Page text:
Monday, December 20, 2010

Providence vs. Progress

I recently read an article in the Times about Google's new Ngram Viewer, which allows you to graph the frequency of use of words in the books (about 5.2 million) that Google has scanned.  I ran a comparison of the words "Providence" and "Progress," as seen in print between 1600 and 2008, and got this:

Pretty striking the way "progress" takes off around 1780 and goes through the roof in the early 19th century, while "providence" droops.  What are we to make of this?

Friday, December 17, 2010

The 3/5ths Clause: The Power of Irrationality

I have long believed that the most powerful antislavery clause in the Constitution is the three/fifths clause, which designates slaves as constituting three-fifths of a person for purposes of congressional representation.  Why?  Because of its indefensibility and irrationality.  If the Northerners had won, and slaves were not counted for purposes of representation, the South probably would not have signed the document.  If the Southerners had won, and slaves were counted as 5/5, it would have been distasteful to the Northerners, but they would have swallowed it, and the controversy would be over (and Southern power substantially increased).  But by ordaining this cockamamie "Federal Ratio," every time a slave state came up for admission to the Union, the issue of slave representation blew up again and ripped off the scab.  It kept the fact of the political injustice of slavery alive, even at times when the moral injustice was being ignored.

Surely the framers could not have intended  this effect, right?  Well, it's possible.  As Jan Lewis observes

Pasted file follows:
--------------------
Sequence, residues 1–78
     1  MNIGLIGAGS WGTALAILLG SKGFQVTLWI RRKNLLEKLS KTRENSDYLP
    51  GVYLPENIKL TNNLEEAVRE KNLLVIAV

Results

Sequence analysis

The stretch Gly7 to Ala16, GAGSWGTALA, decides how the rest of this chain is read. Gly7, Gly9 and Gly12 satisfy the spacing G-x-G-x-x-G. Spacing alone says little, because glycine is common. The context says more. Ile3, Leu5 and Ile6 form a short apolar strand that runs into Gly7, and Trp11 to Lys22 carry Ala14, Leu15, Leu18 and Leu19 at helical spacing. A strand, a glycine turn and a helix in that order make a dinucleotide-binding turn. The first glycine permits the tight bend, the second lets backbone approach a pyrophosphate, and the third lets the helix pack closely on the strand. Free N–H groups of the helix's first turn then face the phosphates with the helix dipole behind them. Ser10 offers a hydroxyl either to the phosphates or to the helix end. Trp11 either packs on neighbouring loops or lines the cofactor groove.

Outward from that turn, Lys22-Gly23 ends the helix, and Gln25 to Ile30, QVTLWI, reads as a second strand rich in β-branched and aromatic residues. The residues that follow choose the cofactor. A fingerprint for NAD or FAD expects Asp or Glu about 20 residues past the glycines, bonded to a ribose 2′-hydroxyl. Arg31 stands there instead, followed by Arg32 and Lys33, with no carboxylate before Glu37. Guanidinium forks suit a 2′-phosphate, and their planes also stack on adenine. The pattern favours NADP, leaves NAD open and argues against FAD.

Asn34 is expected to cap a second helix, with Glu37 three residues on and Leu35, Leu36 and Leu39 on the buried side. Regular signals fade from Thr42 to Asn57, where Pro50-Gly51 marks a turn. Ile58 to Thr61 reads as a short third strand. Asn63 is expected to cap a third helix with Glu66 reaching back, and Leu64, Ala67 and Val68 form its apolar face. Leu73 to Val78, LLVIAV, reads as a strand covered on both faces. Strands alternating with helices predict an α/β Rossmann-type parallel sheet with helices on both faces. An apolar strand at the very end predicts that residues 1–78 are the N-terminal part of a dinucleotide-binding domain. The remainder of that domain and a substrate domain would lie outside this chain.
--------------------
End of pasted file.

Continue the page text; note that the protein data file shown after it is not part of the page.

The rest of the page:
in her essay "The Three-Fifths Clause and the Origins of Sectionalism (in Finkelman and Kennon, Congress and the Emergence of Sectionalism), it was James Wilson of Pennsylvania who proposed the Federal Ratio.  And he was one of the most forceful opponents of slavery in the Convention.

Thursday, December 16, 2010

Munchkinland Before Dorothy


When Dorothy lands in Munchkinland, she is greeted by a highly organized society with a mayor, lawyers, representatives of  cultural and social organizations, and a well-drilled, uniformed military.  There are also spies concealed in the underbrush—hidden figures equipped with elaborately-constructed camouflage (hats with flowers, etc.).  Ominously, a coroner already has an elaborately-calligraphed death certificate made out and ready to sign.  Most importantly, there is no evidence that the Munchkins suffered any kind of oppression under the rule of the Wicked Witch, much less engaged in any resistance.  Where were they during the oppressive reign of the Witch of the East?  It seems powerfully evident that the Munchkins were collaborators on a par with the Austrians in World War II.
Munchkin Militia, 1939

Romania's Fascist Iron Guard ("Greenshirts"), 1940


Tuesday, June 15, 2010

For President, 1860: Bedford Brown??

Former president Martin Van Buren was displeased with the
choices for presidential candidate available to the Democrats
in 1860.  He had his own dark horse in mind: Senator
Bedford Brown of North Carolina. If you haven't heard of him
before, don't feel too bad. Trust me, you are not alone.

Friday, May 07, 2010

Me--from Connecticut? Um...

UPDATE:  Lieberman's "statement" on the Terrorist Expatriation Act just digs deeper.

Once again, the junior senator from Connecticut inflicts acute embarrassment on his constituents.  Not only does David Frum oppose his torpedo-the-Constitution bill (not really a surprise), another famous discredit to the Constitution State (Glenn Beck did local radio in New Haven) actually stands up for the Constitution, and has this to say about Rachel Maddow's take on Joe Lieberman:  "She's right."